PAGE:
Janie B. Cheaney

Janie is a senior writer for WORLD Magazine based in Missouri. She writes novels for young adults, is the author of the Wordsmith creative writing series, and reviews books at RedeemedReader.com. Follow Janie on Twitter @jbcheaney.

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The beginning at the end

Faith & Inspiration | The Alpha and the Omega keeps His promises and knows where He is going
by Janie B. Cheaney
Posted 12/12/19, 05:04 pm

“Today is the first day of the rest of your life.” That was my introduction to motivational slogans, at the age of 19. It was a revelation: Hey! Whatever bad habits I’ve collected, whatever sins I’d slipped into, there was always a tomorrow. There was always a new start, a new resolution, a new opportunity to rise up from the ashes of defeat. Gotta learn how to fall before you learn to fly, right? Every journey begins with a single step. You never fail until you stop trying! The best way to get something done is to begin. Sometimes you win, sometimes you learn.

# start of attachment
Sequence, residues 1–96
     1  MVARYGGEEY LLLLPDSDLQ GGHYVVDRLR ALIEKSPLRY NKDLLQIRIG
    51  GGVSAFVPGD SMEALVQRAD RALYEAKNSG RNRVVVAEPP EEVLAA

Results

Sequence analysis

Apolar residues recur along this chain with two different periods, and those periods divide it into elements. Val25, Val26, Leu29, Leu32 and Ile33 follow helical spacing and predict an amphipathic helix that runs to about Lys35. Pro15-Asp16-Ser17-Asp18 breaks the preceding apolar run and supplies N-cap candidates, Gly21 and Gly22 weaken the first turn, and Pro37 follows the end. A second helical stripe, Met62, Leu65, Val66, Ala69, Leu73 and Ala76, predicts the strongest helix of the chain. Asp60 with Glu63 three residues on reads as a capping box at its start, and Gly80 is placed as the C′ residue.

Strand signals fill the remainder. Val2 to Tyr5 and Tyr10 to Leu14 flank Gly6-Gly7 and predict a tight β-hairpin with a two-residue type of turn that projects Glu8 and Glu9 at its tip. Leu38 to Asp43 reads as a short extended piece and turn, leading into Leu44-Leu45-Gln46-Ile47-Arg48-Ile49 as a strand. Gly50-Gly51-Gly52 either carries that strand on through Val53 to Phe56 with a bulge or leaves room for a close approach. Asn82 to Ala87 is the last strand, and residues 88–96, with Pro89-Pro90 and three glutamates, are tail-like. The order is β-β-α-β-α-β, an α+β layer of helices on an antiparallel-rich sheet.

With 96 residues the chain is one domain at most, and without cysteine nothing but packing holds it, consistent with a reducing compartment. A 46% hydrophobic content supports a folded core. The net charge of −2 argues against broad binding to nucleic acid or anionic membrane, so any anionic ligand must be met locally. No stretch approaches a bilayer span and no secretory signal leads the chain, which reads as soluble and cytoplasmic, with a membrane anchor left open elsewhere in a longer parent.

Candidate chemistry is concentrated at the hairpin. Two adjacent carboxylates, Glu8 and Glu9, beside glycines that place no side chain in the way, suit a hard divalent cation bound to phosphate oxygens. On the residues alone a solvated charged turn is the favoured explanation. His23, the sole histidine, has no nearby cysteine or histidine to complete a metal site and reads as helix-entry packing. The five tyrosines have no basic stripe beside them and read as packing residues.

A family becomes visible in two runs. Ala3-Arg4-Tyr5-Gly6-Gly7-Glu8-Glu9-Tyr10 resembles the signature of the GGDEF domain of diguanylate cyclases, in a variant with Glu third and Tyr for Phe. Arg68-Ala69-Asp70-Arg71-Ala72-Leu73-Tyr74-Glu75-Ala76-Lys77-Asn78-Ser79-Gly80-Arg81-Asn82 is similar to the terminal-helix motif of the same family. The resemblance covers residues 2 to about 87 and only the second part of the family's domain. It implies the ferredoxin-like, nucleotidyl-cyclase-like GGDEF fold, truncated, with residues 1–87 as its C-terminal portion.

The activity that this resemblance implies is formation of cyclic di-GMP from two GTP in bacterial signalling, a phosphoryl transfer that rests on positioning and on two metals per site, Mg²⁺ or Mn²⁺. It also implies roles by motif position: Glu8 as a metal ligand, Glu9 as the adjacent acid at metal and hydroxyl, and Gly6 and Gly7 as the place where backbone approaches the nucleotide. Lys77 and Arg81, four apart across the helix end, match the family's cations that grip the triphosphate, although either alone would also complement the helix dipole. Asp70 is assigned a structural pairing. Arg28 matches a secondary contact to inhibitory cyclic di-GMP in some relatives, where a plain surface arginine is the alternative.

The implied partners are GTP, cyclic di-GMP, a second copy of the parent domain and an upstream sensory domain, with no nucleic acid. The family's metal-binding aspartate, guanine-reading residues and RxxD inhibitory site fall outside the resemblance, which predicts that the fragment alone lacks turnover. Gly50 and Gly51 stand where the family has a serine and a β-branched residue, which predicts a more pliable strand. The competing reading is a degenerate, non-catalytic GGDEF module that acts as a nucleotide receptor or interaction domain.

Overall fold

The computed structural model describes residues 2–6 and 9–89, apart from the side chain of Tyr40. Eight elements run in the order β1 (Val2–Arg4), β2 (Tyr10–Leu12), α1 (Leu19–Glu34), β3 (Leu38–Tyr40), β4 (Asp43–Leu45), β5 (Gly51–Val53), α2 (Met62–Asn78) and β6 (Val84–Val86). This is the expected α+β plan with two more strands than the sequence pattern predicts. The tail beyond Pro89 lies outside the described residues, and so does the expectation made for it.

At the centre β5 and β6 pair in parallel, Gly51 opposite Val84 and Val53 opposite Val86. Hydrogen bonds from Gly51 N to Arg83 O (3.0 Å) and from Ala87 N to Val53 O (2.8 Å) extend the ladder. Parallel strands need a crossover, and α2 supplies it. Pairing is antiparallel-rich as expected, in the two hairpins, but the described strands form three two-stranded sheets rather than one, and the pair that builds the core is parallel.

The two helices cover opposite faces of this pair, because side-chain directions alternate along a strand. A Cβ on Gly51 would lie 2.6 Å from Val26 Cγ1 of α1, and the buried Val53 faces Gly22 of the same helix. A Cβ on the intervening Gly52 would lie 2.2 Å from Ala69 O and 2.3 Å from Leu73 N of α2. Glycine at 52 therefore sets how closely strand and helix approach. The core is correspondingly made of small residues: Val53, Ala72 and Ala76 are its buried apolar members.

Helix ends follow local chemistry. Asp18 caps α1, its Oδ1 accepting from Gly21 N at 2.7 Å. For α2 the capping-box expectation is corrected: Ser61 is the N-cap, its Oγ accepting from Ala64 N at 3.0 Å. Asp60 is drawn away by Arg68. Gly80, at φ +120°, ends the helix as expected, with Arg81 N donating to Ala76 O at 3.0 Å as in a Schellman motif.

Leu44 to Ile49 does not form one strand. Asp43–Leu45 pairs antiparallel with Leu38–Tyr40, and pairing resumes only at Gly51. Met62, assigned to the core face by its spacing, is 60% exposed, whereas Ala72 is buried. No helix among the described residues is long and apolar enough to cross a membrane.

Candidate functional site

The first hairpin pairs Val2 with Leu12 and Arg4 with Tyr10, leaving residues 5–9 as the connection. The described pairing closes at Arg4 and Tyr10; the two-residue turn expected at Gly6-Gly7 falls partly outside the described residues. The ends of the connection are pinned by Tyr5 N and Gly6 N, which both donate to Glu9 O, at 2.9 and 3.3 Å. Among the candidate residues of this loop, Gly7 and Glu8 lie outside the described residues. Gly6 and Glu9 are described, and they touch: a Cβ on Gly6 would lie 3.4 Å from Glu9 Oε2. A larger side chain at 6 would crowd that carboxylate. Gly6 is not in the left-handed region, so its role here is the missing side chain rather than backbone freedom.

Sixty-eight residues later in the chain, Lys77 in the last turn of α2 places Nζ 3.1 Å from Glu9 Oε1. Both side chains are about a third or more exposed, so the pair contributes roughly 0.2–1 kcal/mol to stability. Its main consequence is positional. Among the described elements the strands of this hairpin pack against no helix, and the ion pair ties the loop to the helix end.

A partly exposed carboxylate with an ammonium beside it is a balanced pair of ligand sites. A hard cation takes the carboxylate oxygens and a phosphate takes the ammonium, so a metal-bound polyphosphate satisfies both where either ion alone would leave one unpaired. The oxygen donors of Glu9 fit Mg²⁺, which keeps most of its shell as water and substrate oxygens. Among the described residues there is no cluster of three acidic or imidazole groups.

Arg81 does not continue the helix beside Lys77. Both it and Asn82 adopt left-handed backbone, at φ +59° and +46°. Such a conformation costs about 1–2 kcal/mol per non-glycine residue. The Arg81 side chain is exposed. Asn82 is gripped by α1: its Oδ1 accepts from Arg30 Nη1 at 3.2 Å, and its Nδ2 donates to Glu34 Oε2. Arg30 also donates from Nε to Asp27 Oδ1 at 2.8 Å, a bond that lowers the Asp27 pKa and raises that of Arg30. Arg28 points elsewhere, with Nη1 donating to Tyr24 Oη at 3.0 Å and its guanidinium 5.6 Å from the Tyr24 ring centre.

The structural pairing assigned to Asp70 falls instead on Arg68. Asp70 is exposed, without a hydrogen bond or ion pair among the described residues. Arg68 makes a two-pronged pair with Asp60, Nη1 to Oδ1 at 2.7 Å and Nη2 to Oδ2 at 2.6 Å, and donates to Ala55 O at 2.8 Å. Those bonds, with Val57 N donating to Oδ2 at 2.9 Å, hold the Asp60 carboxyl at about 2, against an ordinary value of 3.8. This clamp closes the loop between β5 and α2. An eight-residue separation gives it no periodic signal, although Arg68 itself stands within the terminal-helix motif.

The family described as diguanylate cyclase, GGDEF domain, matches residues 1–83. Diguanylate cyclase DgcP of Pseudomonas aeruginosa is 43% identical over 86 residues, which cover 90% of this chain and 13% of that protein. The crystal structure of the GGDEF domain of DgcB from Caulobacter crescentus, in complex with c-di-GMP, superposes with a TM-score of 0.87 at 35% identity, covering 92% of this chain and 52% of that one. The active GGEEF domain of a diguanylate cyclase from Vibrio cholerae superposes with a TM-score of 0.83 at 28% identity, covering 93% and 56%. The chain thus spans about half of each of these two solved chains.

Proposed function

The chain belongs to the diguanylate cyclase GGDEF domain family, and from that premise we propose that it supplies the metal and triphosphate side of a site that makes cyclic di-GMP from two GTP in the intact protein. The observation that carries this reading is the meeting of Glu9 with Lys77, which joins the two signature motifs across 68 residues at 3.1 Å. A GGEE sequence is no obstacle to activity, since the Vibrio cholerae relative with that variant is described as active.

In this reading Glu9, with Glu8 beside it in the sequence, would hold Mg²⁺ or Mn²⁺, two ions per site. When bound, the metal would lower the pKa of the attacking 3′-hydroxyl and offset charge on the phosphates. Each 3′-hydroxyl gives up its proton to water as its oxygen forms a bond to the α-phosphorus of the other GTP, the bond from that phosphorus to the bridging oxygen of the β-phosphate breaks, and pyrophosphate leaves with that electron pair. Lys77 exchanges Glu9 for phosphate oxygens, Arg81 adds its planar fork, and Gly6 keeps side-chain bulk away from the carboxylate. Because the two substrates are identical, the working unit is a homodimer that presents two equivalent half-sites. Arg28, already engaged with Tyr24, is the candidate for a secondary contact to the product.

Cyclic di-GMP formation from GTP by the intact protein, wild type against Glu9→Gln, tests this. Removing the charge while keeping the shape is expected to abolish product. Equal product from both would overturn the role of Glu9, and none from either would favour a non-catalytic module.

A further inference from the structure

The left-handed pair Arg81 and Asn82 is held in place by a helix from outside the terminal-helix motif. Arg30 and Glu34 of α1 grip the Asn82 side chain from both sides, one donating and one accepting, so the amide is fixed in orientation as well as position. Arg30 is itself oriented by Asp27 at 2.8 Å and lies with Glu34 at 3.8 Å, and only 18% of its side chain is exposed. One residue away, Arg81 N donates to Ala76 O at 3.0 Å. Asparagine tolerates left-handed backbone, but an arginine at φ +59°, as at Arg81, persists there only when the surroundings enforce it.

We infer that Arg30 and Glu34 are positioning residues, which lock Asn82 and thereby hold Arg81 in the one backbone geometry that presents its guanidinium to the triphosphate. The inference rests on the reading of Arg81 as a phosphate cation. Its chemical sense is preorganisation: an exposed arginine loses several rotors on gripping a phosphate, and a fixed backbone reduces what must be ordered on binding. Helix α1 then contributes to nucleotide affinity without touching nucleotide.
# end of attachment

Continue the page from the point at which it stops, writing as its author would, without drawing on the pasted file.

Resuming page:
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Fortunate sons

Society | Boomers and their grandchildren’s generation square off
by Janie B. Cheaney
Posted 11/12/19, 02:13 pm

Are baby boomers—the generation born between 1946 and 1964—the most privileged, spoiled, and clueless generation in history? Subsequent generations seem to think so, which is why “OK boomer” has become a thing on social media. The phrase is described as an electronic eyeroll, a dismissal of lectures from the old folks in their mortgage-free suburban homes with riding mowers and Medicare. Are you of an age to wonder why millennials can’t move out of Mom’s basement? OK boomer. To riff on the unrealistic expectations of your company’s latest 25-year-old employee? OK boomer.

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The lost supper

Relationships | We’re missing something crucial with the demise of the family dinner
by Janie B. Cheaney
Posted 10/29/19, 11:07 am

When my husband and I married, after a two-month courtship, I didn’t know how to cook. Some experience with baking constituted my home-ec resumé, but man does not live on cookies alone (as much as my man would have liked to). As we were both enrolled in college, he insisted I sign up for a noncredit cooking class, an idea that would never have occurred to me. His instinct for self-preservation might have prompted the suggestion, but in practical terms, that was the best class I ever took—much preferable to food poisoning. 

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